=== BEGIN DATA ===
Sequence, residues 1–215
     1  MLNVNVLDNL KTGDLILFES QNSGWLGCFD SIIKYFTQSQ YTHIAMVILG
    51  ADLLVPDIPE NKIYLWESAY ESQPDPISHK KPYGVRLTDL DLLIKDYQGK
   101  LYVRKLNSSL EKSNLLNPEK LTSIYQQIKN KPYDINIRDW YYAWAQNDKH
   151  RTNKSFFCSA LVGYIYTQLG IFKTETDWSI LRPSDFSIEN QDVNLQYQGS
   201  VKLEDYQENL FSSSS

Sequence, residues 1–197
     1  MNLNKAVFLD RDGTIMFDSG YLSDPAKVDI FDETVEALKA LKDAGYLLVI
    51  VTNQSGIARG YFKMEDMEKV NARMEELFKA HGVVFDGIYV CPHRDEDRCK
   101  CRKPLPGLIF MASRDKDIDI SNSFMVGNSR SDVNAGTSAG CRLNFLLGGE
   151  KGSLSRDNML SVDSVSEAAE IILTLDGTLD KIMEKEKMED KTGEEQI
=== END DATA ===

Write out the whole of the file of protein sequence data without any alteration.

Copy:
Sequence, residues 1–215
     1  MLNVNVLDNL KTGDLILFES QNSGWLGCFD SIIKYFTQSQ YTHIAMVILG
    51  ADLLVPDIPE NKIYLWESAY ESQPDPISHK KPYGVRLTDL DLLIKDYQGK
   101  LYVRKLNSSL EKSNLLNPEK LTSIYQQIKN KPYDINIRDW YYAWAQNDKH
   151  RTNKSFFCSA LVGYIYTQLG IFKTETDWSI LRPSDFSIEN QDVNLQYQGS
   201  VKLEDYQENL FSSSS

Sequence, residues 1–197
     1  MNLNKAVFLD RDGTIMFDSG YLSDPAKVDI FDETVEALKA LKDAGYLLVI
    51  VTNQSGIARG YFKMEDMEKV NARMEELFKA HGVVFDGIYV CPHRDEDRCK
   101  CRKPLPGLIF MASRDKDIDI SNSFMVGNSR SDVNAGTSAG CRLNFLLGGE
   151  KGSLSRDNML SVDSVSEAAE IILTLDGTLD KIMEKEKMED KTGEEQI